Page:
Inmate Inquiry

Are you trying to find out if somebody you know is incarcerated, or has ever been locked up?

To find this out you need to go to the jail’s website, and do a search using:

  • Their name.
  • Date of birth.
  • Approximate booking date.
  • and their jail ID.

If you think this person is in jail, you should call the jail to find out.

Warrant Inquiry

If you think you might have an outstanding warrant for your arrest, you can check court records on the website or you are able to call the jail. This requires a first and last name. Or, you can just go down to the jail and ask one of the officers. Bear in mind that if there is an arrest warrant out for you, you will be taken into custody immediately.

Arrest Inquiry

If you have a first and last name, and the date of their arrest, contact the Robertson County jail, on the phone, in person, or find out online. An arrest is public record and this information is freely available.

Civil Inquiry

A Civil Process is when someone has been served with papers, like , subpoenas, and arrest warrants. You can access civil process orders by contacting the Robertson County Sheriff’s office, on their website or by phone.

Sex Offender Search / Lookup

All people registered as sex offenders must be registered and listed on the sex offender databases required by the area they live in. The people on these databases have been tried by jury and convicted in a court of law of a sex crime. You are able to see this information online, but you should know that you will not see the exact address, but only the address block that they live on.

Court Records

Court Records are considered public records, so they are accessible to anyone who requests them. They include a case file that contains a docket sheet and all documents filed in your case. You can access court records via the internet service ‘Public Access to Court Electronic Records’, or at Clerk of Court in the county where the case was filed.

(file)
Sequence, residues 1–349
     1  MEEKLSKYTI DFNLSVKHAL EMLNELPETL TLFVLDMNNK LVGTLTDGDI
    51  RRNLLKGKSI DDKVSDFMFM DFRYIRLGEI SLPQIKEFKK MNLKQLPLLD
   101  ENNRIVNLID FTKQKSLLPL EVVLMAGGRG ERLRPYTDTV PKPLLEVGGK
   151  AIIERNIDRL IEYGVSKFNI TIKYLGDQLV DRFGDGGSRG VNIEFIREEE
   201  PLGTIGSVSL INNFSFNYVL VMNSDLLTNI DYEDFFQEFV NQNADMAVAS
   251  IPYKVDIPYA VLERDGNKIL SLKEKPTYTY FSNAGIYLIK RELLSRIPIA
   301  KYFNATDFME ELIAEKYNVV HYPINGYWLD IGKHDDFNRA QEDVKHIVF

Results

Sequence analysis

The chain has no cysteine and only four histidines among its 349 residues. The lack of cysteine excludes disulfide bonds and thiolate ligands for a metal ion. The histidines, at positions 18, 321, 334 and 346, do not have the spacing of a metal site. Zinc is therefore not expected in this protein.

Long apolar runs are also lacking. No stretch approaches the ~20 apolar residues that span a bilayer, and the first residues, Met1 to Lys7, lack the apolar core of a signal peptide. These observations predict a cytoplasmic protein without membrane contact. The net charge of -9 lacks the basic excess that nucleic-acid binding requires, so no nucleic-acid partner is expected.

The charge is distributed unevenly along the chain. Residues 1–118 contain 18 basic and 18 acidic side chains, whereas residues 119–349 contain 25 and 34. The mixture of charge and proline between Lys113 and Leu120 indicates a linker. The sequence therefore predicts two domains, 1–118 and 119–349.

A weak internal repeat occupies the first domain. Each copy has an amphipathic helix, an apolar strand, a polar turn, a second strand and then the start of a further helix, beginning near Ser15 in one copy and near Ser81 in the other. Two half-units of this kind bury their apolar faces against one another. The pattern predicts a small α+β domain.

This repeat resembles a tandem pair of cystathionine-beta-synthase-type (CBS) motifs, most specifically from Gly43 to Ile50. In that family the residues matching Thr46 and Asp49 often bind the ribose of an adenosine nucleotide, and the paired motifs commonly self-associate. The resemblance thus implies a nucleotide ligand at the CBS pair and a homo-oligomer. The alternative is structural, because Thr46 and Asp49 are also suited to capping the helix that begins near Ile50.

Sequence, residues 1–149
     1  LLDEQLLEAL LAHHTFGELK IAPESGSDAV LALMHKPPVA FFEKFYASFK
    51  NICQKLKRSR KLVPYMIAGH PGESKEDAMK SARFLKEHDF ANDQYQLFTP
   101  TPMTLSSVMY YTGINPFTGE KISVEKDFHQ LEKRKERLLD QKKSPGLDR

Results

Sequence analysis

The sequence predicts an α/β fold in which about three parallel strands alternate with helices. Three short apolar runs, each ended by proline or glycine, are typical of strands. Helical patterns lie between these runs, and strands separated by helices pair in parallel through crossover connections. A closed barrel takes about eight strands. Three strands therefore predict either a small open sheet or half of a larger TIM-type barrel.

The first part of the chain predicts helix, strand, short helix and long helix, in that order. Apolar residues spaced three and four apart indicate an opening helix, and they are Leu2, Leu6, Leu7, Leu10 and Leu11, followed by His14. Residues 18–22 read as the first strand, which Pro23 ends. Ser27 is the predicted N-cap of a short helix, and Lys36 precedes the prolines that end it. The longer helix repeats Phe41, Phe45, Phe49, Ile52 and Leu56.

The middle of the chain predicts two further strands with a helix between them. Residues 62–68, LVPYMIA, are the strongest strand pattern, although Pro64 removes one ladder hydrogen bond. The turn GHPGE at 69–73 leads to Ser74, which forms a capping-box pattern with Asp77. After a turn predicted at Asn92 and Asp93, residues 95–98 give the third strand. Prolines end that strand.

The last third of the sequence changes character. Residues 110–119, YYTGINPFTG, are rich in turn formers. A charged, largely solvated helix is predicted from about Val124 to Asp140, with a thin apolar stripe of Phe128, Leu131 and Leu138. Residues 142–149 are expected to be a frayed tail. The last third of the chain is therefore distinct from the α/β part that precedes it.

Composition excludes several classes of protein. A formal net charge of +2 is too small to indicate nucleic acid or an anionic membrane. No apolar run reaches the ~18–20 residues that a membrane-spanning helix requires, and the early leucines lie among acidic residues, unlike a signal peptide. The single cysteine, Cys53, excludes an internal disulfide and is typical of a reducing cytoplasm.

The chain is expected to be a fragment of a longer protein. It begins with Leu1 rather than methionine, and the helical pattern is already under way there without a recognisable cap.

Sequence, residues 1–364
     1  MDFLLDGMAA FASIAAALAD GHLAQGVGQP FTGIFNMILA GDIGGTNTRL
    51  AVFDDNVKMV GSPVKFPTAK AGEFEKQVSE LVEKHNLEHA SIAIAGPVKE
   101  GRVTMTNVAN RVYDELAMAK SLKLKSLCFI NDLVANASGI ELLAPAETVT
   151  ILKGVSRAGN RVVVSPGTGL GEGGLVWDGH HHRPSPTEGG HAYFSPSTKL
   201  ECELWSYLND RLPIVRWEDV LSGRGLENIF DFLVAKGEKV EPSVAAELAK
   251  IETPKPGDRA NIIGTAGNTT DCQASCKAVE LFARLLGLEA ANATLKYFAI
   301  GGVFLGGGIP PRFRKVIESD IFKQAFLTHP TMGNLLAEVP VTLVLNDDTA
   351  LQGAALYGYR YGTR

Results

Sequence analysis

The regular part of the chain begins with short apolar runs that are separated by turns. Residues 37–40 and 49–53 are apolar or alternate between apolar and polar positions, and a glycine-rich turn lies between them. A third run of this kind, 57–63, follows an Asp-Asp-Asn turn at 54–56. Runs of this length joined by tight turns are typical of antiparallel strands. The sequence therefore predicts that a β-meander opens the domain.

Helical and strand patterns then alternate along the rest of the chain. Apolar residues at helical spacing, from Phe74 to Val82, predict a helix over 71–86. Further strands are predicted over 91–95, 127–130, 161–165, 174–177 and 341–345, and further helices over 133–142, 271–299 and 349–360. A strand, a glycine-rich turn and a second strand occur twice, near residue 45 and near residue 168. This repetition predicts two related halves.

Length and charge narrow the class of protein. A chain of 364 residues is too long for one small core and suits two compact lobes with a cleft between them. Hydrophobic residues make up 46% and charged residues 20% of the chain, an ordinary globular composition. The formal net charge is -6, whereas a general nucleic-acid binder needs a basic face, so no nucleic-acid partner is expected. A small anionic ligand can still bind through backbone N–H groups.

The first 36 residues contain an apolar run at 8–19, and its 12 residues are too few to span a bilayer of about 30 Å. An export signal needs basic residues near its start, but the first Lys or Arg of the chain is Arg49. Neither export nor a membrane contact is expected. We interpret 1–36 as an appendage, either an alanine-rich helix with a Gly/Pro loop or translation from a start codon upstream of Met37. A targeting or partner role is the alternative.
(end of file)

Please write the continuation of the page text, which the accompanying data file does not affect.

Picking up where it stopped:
Criminal Records

Each state maintains records of a person’s criminal past. These online databases are linked together so you are able to track criminal convictions from another state. You are able to go to the Robertson County Courthouse and inquire, or you can check online. It helps to know which county the crime occurred in, and in the event that the crime was in a different state, you may have to pay a fee for a more comprehensive search.

A criminal history search you can get a report detailing any arrests, charges, or convictions that may be on a person’s record for any of the following crimes:

  • DWI or DUI.
  • Drug crimes.
  • Kidnapping.
  • Sex offenses which could include rape, and sexual assault.
  • Violent crimes like assault or murder.
  • Theft.

When you do a criminal history search, you generally won’t be able to see if they has had:

  • Tickets for speeding.
  • Drivers license revoked or suspended.
  • Accidents.
  • Minor infractions or moving violations.
  • Parking Tickets.
  • To find this information, you will have to do a driving history search.

    Have you ever needed to find criminal records? Was it an easy process? Was your search online or did you call the courthouse? was the information you recieved correct? There are plenty of reasons that folks search for criminal records and backgrounds, and your account might help other people.

    Post A Comment

    Most Wanted

    Everyone knows that the FBI has a listing of the Top Ten Most Wanted Criminals. In Robertson County,the Robertson County Sheriff has a list of most wanted criminals, too.

    FBI Top Ten Most Wanted List

    Robertson County Sheriff’s Department Ten Most Wanted List: Link